Think Long Term: Boeing Is a Buy At Its Current Price

Source: Boeing

The Boeing Co. (NYSE:BA) is a Dow Jones component that most investors are familiar with. While the business end isn’t exactly a household name, nearly everyone has heard of the company, if at the least, for its airplanes. While airplanes are a large component of the business, it also is involved in a number of other enterprises. Aside from commercial jetliners, the company is involved in designing and manufacturing military aircraft, satellites, missile defense, human space flight, and launch systems and services worldwide. The company operates in five main segments you should be aware of, which reflect its operations: Commercial Airplanes, Boeing Military Aircraft, Network & Space Systems, Global Services & Support, and Boeing Capital.

The Commercial Airplanes segment develops, produces, and markets commercial jet aircraft for various passenger and cargo requirements, as well as provides related support services to the commercial airline industry. This segment also provides aviation services support, aircraft modifications, spares, training, maintenance documents, and technical advice to commercial and government customers. The Boeing Military Aircraft segment is involved in the research, development, production, and modification of manned and unmanned military aircraft and weapons systems for the global strike and vertical lift, mobility, surveillance, and engagement.

The Network & Space Systems segment is engaged in the research, development, production, and modification of electronics and information solutions, strategic missile and defense systems, space and intelligence systems, as well as space exploration products. The Global Services and Support segment offers a range of products and services comprising integrated logistics, including supply chain management and engineering support, maintenance, and modification.

The Boeing Capital segment facilitates, arranges, structures, and provides financing solutions, such as equipment under operating leases, finance leases, notes and other receivables, assets held for sale or re-lease, and investments for its commercial airplanes customers. With each of these segments, the company has grown tremendously in the last 100 years and is incredibly profitable. The stock has pulled back about 10 percent from its highs, and as such, I question if now is the time to get long. To help inform this decision, a review of the company’s recent performance is justified.

Well, Boeing continues to deliver. In its most recent quarter, the company reported that revenue increased 8 percent to $20.5 billion on higher commercial volume compared to the comparable quarter last year. Core earnings per share (a non-GAAP measure) increased 14 percent to $1.76 when excluding a benefit of 19 cents per share for the 2012 research and development tax credit recorded in the first quarter of 2013. First-quarter 2014 core operating earnings (again, on a non-GAAP basis) increased 12 percent to $2.1 billion while core operating margin increased to 10.2 percent reflecting continued strong operating performance. GAAP earnings from operations included previously announced non-cash charges totaling $334 million (29 cents per share) for retirement plan changes.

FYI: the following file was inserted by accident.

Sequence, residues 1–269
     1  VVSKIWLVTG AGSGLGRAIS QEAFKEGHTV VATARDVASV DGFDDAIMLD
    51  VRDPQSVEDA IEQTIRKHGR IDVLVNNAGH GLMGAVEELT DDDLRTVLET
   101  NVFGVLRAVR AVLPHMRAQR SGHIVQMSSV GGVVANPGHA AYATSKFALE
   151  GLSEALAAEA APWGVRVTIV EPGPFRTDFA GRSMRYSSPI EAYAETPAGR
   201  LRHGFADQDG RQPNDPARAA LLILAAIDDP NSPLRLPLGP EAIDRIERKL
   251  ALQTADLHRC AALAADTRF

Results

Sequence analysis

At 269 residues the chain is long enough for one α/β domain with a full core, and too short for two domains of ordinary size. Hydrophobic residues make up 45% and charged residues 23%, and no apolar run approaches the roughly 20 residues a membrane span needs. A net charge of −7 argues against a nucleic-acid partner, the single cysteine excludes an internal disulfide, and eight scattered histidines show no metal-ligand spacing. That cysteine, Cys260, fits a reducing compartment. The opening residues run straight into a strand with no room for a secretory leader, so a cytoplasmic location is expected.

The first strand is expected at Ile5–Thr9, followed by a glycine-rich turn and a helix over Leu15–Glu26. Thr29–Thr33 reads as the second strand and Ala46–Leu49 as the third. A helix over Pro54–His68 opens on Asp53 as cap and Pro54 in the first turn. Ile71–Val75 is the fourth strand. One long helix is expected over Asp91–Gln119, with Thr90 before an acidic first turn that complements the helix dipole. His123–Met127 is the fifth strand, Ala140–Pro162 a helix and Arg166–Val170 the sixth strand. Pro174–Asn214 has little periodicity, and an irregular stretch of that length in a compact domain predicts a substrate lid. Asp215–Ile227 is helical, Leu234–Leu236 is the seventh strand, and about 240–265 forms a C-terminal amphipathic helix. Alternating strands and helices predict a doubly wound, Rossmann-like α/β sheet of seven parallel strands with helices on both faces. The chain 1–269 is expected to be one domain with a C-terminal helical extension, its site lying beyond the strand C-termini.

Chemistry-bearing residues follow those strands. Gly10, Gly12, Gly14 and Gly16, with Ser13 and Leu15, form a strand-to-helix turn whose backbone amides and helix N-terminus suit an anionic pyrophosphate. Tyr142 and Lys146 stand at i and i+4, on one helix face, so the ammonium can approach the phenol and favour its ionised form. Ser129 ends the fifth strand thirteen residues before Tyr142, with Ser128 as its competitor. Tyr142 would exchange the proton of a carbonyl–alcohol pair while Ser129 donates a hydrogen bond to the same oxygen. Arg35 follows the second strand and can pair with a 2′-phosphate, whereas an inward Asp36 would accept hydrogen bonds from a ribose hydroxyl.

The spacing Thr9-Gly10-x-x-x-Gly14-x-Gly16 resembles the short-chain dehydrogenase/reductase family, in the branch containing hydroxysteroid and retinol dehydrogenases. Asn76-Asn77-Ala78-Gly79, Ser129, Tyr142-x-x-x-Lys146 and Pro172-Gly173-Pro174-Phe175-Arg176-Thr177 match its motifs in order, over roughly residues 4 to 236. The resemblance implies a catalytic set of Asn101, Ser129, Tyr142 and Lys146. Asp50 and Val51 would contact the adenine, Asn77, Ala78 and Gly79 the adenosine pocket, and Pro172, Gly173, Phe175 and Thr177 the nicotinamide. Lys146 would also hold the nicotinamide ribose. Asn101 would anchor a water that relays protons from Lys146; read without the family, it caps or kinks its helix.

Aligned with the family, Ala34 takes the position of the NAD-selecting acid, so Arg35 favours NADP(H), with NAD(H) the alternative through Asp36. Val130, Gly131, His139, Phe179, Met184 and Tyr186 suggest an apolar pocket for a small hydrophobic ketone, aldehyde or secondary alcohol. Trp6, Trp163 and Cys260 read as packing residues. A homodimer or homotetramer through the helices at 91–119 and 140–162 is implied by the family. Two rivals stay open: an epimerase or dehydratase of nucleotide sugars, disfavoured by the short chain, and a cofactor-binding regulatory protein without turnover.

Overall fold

As a result of amazing performance, the company’s core earnings per share guidance for 2014 increased to between $7.15 and $7.35, from $7 to $7.20, to reflect the benefit of a tax settlement to be recognized in the second quarter of 2014, as well as to reflect increased sales. GAAP earnings per share guidance for 2014 is reaffirmed at between $6.10 to $6.30, as the tax settlement benefit was offset by the retirement plan charges and negated increases in sales. GAAP pension expense guidance for 2014 is now at approximately $3.2 billion, up from $3.1 billion, to reflect the retirement plan charges. The company had also reaffirmed its 2014 revenue, operating cash flow, and deliveries guidance. This is important, as pension charges have long been a concern for the company, but the strong performance of the company has help to offset these impacts.

The company is also flush with cash. Operating cash flow in the quarter was $1.1 billion, reflecting commercial airplane production rates, strong core operating performance, and timing of receipts and expenditures. During the quarter, the company repurchased 19.4 million shares for $2.5 billion, leaving $8.3 billion remaining under the current repurchase authorization expected to be completed over the next two to three years. The company also paid $0.5 billion in dividends in the quarter, reflecting an approximately 50 percent increase in dividends per share compared to the same period of the prior year.

Looking ahead, I have mentioned that Boeing’s core earnings per share guidance for 2014 increased to between $7.15 and $7.35 from $7 to $7.20. This will be done based on guidance of $87.5 billion to $90.5 billion of revenue coming in for the year. The company expects to deliver 715 to 725 planes for the year. This should generate operating cash flow of approximately $6.25 billion dollars after pension contributions. Further, the company expects both the Global Services and Support as well as Network and Space Systems to increase sales, helping the company, and the stock, propel higher into 2014. Given the recent weakness, I think the stock is a solid long-term buy. The company pays a 2.2 percent dividend, as well, helping to cutoff some downside. I rate shares a buy at current levels and assign a $155 price target.

Disclosure: Christopher F. Davis holds no position in Boeing and has no plans to initiate a position in the next 72 hours. He has a buy rating on the stock and an $155 price target.

More From Wall St. Cheat Sheet: